The Philp Family outside the bank in Onehunga

Note. This photograph, provided by Russell Philp,is an early calotype and very feint being about 160 years old. The above is a renovation of that print using modern photo imaging techniques--- Cameron.


Onehunga Commercial Directory 1866 lists--- Bank of Auckland, D. Philp. Agent Princess Street In the same Directory and the Advertisement for the bank Charles F. Johns Esq. is listed as being the Manager of the Bank of Auckland.

Onehunga is situated to the south some seven to seven and a half miles from Auckland. Now, it is a suburb of the city but in the Philp's time it was a separate town being the port for Manakau Harbour. The above Directory says of the area " The port of Manakau, on the bar of which the lowest tides there is fifteen feet of water is situated seven miles from Auckland, and is the centre of a most fertile tract of volcanic soil. No doubt by its natural position, coupled with the development of the Waikato, for which it is the port of both supply and receipt, and the direct steam communication with Melbourne, which we are in a position to say has been determined upon, will progress most rapidly. Its population numbers about 1000, and a railway is nearly completed from Auckland to it."

Clearly it was to the bank in this thriving and developing new town that David turned for employment and for the next three years, despite a recession in Auckland the family, David and Helen, now forty four and forty one respectively with Margaret aged seven, James aged six Andrew aged four and Agnes Helen aged two, must have felt that their fortunes were on the ascendancy. This however was not to last and David and Helen were to experience, yet again, what it was like to be caught up in another bank crash.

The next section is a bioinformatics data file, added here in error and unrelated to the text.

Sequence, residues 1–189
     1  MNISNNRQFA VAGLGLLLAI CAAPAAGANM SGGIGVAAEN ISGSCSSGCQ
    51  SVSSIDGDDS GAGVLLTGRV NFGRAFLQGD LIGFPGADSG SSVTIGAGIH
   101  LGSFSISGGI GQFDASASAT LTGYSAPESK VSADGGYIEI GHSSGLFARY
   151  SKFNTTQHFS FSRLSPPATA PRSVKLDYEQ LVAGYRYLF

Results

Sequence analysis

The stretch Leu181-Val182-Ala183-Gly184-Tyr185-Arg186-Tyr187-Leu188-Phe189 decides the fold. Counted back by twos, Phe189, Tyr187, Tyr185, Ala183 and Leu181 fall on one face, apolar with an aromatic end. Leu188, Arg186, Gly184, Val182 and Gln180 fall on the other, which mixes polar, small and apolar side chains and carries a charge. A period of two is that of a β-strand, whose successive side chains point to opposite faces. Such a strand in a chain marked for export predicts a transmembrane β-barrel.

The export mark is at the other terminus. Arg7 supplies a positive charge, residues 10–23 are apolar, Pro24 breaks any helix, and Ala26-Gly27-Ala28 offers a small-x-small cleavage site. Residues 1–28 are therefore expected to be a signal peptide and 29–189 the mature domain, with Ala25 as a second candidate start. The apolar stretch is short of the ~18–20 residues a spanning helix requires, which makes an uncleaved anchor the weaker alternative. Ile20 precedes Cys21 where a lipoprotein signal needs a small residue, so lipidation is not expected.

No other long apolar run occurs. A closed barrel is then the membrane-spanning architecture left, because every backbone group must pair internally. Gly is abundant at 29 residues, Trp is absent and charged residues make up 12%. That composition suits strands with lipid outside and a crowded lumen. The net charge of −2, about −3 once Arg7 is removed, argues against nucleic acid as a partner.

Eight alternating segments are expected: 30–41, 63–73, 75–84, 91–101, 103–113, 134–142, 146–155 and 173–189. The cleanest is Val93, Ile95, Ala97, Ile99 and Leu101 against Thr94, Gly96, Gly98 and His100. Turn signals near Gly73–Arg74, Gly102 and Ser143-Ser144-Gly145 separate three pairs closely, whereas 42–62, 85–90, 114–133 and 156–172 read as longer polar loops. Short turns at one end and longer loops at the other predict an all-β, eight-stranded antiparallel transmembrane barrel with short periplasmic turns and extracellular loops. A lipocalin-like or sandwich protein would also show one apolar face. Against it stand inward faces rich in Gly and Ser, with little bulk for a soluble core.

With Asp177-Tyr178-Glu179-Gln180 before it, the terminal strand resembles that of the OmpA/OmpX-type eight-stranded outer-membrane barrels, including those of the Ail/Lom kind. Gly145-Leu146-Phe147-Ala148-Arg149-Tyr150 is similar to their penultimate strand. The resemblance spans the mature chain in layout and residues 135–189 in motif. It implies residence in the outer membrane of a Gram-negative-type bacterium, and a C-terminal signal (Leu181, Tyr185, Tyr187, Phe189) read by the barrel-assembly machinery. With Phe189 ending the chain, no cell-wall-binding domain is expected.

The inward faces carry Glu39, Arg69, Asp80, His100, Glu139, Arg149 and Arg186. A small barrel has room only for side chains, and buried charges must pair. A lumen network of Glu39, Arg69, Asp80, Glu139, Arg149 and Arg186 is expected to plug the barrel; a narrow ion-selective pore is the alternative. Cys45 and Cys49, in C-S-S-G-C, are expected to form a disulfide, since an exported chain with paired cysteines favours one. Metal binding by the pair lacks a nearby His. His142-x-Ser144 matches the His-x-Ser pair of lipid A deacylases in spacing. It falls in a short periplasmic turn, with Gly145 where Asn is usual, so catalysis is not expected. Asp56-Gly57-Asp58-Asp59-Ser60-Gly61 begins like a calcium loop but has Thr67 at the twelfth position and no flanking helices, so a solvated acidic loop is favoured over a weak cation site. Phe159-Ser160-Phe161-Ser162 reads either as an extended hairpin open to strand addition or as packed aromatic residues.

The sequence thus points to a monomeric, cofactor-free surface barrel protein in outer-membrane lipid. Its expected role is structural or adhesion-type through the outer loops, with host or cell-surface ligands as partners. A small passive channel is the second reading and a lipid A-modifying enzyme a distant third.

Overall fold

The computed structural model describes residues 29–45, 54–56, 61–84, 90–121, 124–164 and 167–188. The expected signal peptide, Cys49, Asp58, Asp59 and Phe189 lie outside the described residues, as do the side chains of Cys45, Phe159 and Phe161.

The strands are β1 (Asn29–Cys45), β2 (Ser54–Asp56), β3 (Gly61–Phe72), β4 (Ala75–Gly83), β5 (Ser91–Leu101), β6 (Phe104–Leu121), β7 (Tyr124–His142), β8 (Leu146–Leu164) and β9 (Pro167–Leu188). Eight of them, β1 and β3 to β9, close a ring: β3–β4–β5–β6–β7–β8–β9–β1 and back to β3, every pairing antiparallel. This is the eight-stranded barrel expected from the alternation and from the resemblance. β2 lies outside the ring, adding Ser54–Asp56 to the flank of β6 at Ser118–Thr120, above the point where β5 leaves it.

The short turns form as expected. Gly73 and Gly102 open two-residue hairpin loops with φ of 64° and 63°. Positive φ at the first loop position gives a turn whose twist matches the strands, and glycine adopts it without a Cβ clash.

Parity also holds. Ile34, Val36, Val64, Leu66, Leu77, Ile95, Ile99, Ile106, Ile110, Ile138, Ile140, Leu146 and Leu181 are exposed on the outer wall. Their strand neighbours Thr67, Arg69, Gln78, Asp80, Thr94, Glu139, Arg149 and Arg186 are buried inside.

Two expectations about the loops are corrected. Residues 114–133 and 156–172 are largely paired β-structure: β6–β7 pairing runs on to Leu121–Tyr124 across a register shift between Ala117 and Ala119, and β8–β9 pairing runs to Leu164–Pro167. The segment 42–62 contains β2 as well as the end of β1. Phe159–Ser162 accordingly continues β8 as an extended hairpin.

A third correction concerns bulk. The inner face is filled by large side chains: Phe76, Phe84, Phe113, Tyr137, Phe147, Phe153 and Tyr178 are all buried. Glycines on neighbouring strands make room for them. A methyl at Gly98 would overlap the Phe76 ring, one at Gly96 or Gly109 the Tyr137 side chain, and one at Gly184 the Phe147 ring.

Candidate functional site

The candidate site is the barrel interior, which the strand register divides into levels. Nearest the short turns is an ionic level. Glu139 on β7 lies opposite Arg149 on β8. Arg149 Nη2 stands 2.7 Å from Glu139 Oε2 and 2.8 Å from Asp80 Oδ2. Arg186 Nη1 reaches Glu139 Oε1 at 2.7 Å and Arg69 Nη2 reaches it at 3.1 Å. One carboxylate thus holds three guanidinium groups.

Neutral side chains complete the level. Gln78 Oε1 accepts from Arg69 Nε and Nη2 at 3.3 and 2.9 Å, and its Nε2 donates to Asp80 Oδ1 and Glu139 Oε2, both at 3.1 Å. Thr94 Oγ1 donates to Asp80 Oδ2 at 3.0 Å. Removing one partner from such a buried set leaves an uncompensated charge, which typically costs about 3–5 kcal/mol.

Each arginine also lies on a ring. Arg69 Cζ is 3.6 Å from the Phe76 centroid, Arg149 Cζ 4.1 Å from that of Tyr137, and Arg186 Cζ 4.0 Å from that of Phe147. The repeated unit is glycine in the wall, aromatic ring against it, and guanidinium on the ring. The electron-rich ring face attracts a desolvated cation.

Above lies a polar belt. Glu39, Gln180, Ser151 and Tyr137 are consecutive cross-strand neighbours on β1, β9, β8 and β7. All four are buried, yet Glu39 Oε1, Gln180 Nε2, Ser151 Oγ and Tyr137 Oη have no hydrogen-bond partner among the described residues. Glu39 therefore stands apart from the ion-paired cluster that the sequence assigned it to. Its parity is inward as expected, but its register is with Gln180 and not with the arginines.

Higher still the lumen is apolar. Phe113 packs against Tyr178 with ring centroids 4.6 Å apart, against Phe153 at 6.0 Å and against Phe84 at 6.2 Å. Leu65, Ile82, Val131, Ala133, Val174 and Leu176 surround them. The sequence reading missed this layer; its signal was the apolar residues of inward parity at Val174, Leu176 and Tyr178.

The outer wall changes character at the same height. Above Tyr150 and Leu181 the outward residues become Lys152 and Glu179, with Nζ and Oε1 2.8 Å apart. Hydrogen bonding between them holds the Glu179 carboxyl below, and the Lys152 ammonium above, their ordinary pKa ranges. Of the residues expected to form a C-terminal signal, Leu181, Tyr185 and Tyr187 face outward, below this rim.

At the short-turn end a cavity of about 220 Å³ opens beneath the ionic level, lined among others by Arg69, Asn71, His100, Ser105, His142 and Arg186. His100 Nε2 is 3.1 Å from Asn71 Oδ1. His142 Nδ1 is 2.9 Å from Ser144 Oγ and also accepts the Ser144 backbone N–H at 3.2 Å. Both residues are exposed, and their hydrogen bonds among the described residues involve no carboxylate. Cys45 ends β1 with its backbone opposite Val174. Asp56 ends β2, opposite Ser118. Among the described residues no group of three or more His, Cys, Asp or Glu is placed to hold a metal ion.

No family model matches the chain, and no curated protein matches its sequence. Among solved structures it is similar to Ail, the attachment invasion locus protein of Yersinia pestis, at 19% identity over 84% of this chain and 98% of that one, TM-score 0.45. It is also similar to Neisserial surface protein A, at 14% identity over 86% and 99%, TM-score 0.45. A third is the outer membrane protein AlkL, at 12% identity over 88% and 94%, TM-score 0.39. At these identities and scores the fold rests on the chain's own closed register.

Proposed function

Waterston continues the story of the Bank of Auckland " On the 3rd April 1867, however, it was revealed that the bank was in a perilous condition. the day before the manager, Johns, had attemoted to abscond to Sydney in an attempt to escape the consequences of his actions permitting large advances to be made without adequate security. These advance, amounting in all to over 4,000 were made without the knowledge of the director. Johns had not, however, robbed the bank for his own profit.

A run on the bank was avoided by the immediate announcement that the liabilities of the bank would be discharged by the Bank of New Zealand, the Bank of Australia, the Bank of New South Wales and the Union Bank of Australia. The Bank of Auckland was liquidated and its securities taken over by the four banks. Most of the shareholders' capital was lost.